Oil from capsized car carrier reaches US shoreline

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Oil from a car carrier that capsized off the coast of Georgia in early September has reached several parts of the state’s shoreline, according to local media reports.

The Marshall Islands-flagged Golden Ray – which is operated by South Korean logistics company Hyundai Glovis – overturned with a fire on board in St. Simons Sound on 8 September. At the time of the incident, there were 23 crew members and a pilot on the ship, all of whom were subsequently rescued.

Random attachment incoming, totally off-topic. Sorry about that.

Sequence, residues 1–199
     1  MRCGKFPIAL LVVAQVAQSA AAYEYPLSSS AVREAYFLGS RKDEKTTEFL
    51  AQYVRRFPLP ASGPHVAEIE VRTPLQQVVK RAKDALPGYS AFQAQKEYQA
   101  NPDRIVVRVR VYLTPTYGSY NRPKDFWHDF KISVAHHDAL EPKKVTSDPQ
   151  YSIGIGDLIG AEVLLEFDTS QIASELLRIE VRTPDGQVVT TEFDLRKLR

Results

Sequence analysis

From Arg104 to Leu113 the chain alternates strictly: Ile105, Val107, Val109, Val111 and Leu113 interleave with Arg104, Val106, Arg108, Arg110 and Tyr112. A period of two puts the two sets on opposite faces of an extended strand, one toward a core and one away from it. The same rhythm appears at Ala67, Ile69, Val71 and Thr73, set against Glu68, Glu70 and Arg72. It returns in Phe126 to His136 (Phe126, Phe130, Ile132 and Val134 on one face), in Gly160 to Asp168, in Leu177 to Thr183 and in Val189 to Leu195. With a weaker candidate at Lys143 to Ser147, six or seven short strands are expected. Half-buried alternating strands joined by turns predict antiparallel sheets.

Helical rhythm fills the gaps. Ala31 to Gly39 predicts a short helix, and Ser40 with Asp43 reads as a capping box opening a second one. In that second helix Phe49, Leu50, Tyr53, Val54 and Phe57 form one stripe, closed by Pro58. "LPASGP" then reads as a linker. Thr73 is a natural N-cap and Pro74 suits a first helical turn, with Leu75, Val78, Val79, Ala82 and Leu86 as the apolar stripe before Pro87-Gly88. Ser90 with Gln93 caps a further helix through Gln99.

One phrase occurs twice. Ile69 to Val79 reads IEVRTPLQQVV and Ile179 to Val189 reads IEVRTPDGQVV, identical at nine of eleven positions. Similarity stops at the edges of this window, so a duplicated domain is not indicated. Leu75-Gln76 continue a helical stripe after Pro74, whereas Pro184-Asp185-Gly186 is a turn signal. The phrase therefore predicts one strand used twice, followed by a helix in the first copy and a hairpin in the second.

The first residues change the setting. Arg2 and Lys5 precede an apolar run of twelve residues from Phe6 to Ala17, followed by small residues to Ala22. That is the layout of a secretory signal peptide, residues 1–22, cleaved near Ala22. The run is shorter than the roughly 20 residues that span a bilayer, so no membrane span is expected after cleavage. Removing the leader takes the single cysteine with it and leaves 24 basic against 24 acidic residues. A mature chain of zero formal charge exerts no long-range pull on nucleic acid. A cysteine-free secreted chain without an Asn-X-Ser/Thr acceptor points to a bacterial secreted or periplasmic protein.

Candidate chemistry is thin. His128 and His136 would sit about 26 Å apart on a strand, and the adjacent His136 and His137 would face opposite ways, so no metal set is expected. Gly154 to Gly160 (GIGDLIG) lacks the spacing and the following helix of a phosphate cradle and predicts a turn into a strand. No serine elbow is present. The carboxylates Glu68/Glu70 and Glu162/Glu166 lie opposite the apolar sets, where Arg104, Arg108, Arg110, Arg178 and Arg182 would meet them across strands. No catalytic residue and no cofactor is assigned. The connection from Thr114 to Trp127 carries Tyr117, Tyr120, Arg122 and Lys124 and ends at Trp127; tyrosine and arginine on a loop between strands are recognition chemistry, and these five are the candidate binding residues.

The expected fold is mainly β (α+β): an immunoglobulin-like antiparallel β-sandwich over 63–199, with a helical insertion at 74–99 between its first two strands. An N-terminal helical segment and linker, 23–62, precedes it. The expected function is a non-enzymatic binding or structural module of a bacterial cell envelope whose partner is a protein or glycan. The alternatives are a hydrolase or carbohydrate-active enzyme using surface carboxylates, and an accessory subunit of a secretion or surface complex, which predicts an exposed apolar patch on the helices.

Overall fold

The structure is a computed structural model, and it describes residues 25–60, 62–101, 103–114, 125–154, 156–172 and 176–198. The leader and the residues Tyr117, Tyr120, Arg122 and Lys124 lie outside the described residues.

About 300 responders are currently reported to be at the scene, and more than 5,500 ft of oil-absorbent boom is being used to try to keep the oil spillage under control. An additional 18,400 ft of boom is on hand for use as needed. Crews are also working around the clock to remove an oily water mixture from the 656 ft vessel’s engine room.

However, shoreline effects from the wreck have now been observed near Quarantine Island, Lanier Islands, Bird Island, and the confluence of the Back, Mackay, and Frederica rivers. There is also said to be a visible oil sheen in nearby marshes.

According to the cleanup officials cited in local media, it could be months before Golden Ray can be removed from the sound. The vessel was bound for Baltimore, Maryland, when it capsized.